In the end, no one came.

No one.

And she left her porch to go practice driving with her mom.

Party abandoned.

Heart… well, as you might imagine.

I don’t know how long it took my friend Melanie to start telling the story of her 16th birthday. How long it was before she talked about what happened and what she thought it meant about her value as a person and a friend.

I remember she told me last year, at the beach, in her quiet voice as we watched the waves crash, their magnitude powerful and overwhelming. And it’s a funny thing about stories; when you listen to the true ones, they crash over your heart. Powerful. Overwhelming. And my heart broke for 16-year-old Melanie, even though it’s been 30 years since she lived it.

I knew it was a gift Melanie offered. The vulnerable things always are. The ways we unpack the pieces of our soul and hold them delicately in our hands, like the small, wild things with nervous eyes and twitching wings and hearts running away in their chests. We hold them carefully, trying to communicate they’re safe. That we won’t hurt them, at least not more than they already have been. And then we whisper to our most trust-worthy friends, so softly we can barely be heard, “Come look what I have,” and “Shhhh… don’t scare it.” The best friends look. And are gentle. And say, “Oh, sweet thing.” And try to help.

I don’t remember what I said to Melanie when she told me the story of her 16th birthday. Probably wow. Or I’m really sorry. Or that sucks. Or some other inadequate thing to acknowledge that 30 years may pass, but it’s still important to nod at the pain. To hold the vulnerable pieces. To communicate, somehow, “This piece is precious. Do you know it? I’m so sorry it was broken. You didn’t deserve this. You should’ve been treasured.”

My friend Melanie turned 46 recently, and I was invited to attend her birthday party last weekend.

Her friends threw her a Sweet 16 Party.

Another shot at a Sweet 16, except they called it a Sweet 16…+30. 

And here’s my guess: I bet there was a part of Melanie that was afraid. I know a part of me would have been. Because what if no one shows up again, you know? After they’ve seen the piece of her heart, held carefully in her hands. They have the power to hurt it. 

But Melanie said yes to the party. 

She took the chance at having her heart handled with care, which is the most trusting move I know, to say, “This part was hurt, and I’ll let you hold it with me.”

photo 2 (76)We brought Melanie little, ridiculous gifts, like Hello Kitty loot. And nailpolish. And candy and socks. And sparkly bags. And cards that said stuff like, “I’m so glad I got to come to your party! My mom is such a bitch. It’s not like she said I couldn’t take the car to go out with Jake. I thought I’d be grounded forever.

And we laughed and played and laughed the night away… until we got tired and went home before midnight because we’re old.

And we sang happy birthday, the twenty or thirty of us who came. The twenty or thirty of us LOUD women who came. But first, to the light of a birthday candle already lit, my friend Leslie asked Melanie to tell us about her 16th birthday. And so, in the candle-lit kitchen, with the lights dimmed low and all of us crowded around, she did.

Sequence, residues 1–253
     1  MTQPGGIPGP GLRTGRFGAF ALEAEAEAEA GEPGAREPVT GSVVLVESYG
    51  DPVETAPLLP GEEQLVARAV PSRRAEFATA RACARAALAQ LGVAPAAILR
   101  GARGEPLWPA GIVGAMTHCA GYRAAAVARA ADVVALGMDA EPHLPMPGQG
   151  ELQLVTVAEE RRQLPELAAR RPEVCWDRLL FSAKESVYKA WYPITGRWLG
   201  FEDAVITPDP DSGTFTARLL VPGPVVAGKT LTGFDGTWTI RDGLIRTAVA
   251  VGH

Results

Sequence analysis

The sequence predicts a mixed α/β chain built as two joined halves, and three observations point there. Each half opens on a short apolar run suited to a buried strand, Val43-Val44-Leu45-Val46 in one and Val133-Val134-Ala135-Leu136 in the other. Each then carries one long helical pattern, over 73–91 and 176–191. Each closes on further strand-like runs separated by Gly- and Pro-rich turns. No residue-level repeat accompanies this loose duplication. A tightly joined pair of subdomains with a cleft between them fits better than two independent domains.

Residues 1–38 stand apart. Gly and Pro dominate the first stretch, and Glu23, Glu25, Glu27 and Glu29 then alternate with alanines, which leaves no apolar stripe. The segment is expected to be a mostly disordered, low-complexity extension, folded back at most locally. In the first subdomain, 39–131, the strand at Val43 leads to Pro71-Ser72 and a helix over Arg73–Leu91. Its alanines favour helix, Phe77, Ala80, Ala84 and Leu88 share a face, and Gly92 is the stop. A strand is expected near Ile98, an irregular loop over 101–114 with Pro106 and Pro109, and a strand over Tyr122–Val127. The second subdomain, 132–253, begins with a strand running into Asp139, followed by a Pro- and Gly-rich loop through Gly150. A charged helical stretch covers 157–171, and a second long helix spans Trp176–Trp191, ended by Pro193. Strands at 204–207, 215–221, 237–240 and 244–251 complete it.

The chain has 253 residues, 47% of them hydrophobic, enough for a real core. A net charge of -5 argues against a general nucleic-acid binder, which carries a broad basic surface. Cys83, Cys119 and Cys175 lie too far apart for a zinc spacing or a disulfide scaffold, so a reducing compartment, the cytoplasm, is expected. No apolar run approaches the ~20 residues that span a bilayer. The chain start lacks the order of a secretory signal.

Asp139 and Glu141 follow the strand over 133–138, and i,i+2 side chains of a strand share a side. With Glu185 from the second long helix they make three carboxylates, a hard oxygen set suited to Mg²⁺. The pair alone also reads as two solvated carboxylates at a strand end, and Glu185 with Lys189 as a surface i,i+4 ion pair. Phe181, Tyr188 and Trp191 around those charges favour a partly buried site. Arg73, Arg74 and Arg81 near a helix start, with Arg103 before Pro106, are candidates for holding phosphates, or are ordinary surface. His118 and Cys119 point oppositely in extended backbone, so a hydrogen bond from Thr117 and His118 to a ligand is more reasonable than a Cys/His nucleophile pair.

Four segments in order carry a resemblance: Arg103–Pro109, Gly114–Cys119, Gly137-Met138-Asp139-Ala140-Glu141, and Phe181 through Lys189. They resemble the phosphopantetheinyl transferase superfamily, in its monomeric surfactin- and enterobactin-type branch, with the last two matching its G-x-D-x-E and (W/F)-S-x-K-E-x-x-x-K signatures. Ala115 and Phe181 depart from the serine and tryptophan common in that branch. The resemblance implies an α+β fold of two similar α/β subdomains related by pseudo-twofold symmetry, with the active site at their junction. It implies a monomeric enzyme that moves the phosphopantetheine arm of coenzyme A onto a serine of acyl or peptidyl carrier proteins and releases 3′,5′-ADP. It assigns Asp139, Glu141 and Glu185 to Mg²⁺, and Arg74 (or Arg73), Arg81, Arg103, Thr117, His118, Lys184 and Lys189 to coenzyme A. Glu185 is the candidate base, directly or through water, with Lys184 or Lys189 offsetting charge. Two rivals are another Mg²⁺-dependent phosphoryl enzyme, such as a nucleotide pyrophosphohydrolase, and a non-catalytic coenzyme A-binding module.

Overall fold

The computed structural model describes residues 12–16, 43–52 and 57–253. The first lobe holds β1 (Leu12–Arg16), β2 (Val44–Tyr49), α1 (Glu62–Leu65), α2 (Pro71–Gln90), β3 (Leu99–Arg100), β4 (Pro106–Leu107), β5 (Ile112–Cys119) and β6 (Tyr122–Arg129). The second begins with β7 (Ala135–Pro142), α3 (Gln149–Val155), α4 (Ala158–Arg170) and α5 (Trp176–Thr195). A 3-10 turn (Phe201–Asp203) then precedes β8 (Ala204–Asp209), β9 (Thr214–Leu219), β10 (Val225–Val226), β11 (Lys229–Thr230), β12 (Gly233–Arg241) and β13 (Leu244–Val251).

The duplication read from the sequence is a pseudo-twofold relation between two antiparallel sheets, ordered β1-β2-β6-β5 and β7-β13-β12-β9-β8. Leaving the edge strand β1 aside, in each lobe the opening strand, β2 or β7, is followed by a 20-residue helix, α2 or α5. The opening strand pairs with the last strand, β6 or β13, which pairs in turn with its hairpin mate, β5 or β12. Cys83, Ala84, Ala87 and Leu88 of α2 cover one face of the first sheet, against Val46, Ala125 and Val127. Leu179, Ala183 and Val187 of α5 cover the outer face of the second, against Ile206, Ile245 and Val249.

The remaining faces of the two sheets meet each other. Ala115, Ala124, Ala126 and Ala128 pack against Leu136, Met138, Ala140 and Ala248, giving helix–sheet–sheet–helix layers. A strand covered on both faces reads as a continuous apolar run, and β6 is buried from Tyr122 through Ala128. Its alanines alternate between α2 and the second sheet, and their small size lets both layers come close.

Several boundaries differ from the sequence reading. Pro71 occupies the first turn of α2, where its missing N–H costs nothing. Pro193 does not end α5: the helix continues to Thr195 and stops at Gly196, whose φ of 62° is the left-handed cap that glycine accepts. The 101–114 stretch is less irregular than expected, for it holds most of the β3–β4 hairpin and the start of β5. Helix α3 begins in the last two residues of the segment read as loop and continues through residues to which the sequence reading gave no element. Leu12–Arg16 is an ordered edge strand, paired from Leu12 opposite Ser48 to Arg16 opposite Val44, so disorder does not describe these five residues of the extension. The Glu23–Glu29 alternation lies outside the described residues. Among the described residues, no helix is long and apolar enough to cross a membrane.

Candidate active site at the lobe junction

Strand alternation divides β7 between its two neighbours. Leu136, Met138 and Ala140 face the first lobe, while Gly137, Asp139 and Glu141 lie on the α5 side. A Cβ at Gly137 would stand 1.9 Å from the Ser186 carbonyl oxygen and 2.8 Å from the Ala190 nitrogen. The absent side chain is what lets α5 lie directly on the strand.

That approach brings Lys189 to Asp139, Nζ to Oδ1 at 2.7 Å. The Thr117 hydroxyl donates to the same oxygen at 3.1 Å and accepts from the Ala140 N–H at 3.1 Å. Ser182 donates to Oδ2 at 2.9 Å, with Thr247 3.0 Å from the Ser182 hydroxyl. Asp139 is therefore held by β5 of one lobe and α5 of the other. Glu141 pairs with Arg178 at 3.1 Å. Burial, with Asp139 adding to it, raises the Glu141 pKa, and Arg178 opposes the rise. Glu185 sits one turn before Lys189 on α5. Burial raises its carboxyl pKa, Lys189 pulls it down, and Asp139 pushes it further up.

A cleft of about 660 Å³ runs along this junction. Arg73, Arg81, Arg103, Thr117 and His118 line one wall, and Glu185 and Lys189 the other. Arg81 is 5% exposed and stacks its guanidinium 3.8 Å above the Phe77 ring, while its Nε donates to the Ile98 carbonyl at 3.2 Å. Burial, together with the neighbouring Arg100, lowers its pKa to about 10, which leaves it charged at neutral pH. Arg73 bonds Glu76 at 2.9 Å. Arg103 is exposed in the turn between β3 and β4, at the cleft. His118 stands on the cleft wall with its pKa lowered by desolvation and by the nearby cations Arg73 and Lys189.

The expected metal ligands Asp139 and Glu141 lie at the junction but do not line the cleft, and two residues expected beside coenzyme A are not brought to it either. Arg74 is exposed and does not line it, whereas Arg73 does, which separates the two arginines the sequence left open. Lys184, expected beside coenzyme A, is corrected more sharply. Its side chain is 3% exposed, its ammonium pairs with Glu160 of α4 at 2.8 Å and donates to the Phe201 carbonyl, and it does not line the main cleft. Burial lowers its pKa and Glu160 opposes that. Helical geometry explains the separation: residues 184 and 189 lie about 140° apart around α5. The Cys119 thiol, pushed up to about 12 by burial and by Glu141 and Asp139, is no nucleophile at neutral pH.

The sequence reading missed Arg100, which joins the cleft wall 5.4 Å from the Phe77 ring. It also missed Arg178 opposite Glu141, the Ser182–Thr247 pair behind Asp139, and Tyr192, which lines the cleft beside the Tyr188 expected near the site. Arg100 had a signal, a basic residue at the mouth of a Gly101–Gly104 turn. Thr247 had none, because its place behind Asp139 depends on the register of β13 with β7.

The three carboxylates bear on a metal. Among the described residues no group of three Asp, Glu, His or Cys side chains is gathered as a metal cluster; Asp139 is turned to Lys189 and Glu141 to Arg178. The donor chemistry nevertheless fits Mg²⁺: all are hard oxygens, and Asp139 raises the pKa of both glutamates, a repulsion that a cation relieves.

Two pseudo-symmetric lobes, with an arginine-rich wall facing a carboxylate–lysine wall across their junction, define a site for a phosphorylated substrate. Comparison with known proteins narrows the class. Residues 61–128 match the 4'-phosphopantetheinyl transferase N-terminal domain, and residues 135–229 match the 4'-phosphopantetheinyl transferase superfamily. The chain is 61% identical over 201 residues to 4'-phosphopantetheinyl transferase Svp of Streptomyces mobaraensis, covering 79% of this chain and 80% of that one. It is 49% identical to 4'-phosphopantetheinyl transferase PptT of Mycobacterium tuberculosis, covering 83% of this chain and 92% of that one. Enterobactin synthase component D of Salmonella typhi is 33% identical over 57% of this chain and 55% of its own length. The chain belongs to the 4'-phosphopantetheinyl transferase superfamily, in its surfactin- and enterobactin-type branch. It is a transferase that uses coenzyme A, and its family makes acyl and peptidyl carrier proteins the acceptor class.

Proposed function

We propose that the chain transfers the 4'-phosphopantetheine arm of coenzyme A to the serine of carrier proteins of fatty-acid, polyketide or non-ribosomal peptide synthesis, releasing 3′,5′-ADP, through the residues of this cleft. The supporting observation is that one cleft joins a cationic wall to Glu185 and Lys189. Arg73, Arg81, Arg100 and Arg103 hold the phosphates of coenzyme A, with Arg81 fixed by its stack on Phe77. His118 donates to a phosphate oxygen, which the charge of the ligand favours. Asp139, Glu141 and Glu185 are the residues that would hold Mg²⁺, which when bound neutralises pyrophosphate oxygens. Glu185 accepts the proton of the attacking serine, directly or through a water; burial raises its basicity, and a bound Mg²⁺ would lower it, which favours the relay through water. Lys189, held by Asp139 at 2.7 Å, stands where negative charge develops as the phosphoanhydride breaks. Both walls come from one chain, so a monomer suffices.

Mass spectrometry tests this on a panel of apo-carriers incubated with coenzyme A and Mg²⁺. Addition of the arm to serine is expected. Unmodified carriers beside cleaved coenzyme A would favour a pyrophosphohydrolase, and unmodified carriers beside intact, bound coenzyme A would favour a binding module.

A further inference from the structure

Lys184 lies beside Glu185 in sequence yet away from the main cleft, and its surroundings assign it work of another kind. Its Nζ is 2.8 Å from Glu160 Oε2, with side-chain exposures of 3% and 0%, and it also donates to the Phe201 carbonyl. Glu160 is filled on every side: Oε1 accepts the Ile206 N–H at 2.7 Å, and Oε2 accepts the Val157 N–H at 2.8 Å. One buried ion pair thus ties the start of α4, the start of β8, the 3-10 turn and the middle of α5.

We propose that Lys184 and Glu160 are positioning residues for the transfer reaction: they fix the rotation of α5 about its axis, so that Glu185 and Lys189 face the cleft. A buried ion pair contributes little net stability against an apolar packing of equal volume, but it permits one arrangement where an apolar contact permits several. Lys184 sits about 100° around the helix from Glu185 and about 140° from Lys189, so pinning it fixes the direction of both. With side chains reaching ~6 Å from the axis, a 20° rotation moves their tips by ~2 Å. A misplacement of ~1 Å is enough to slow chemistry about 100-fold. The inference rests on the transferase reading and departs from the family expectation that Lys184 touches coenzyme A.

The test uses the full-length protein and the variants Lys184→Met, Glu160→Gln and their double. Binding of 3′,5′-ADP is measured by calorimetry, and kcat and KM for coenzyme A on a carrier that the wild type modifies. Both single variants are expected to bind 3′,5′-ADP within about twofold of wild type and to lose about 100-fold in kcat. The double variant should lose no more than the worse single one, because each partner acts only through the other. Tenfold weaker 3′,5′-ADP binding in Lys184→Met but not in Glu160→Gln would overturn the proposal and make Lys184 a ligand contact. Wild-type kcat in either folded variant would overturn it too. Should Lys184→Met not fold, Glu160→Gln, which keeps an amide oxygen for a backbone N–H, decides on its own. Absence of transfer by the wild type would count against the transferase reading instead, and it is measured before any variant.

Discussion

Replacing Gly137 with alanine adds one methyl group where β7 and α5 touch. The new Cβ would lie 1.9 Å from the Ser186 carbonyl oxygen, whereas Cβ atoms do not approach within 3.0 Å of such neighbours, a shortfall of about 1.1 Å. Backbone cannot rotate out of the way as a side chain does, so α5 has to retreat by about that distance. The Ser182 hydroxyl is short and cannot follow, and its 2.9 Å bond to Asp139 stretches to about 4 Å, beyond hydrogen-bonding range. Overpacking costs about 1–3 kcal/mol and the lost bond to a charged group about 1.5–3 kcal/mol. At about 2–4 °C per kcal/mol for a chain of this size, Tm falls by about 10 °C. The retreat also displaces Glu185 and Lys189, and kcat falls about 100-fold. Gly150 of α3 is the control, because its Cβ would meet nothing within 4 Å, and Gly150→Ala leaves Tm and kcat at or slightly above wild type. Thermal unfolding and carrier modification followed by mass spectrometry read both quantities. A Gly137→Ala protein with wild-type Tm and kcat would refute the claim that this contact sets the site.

She held out her heart. And she let us hold it with her.

And then we sang happy birthday. Loud. Because that’s who we are. And because we meant it. And Melanie buried her face in her hands and wept. And laughed. And wept. 

And I know I say this every time I talk about authentic, compassionate community. I know I do, but I mean it.

It was a holy moment.

A holy, redeemed, painful, precious, beautiful moment.

And then someone yelled, “FUCK THOSE BITCHES who didn’t come to your party!” And the rest of us chorused, “YEAH. FUCK THOSE BITCHES.” 

And we laughed and laughed. Not because they were bitches, necessarily. But because we were together. And life gets better. And we find our tribe after too much searching. And we find out we are, after all, deeply worthy of love, and worthy of celebration, and worthy of people who show up.

And that was holy, too. 


In honor of Melanie’s birthday,
and in honor of holding pieces of each other’s hearts,
please use the comments to let us hold a piece of yours.

What’s your story?

If you need a gentle friend, this is your space.
I’ll monitor the comments section closely, but I have a suspicion, based on the kindness you continue to show each other here, that I won’t have much monitoring to do.
You are some of the very best heart-holders I know.

What Can I NOT Do Today? A Guest Post by Shawna

Sep 12 2014

What Can I NOT Do Today?
by Shawna of Not The Former Things

I have always, always been a planner person.

This has been true since a very young age – I remember when I was four years old, I wanted my mom’s written-in calendar so much, I would’ve preferred it to any toy. I begged to go to the office supply section at every grocery store, just to stare longingly at the pens and pads of paper. When I was in college, I spent way too much of my scholarship fund in the bookstore. Even today, when a friend pulls out her planner, I have to take a look. It’s been a part of me as long as I can remember.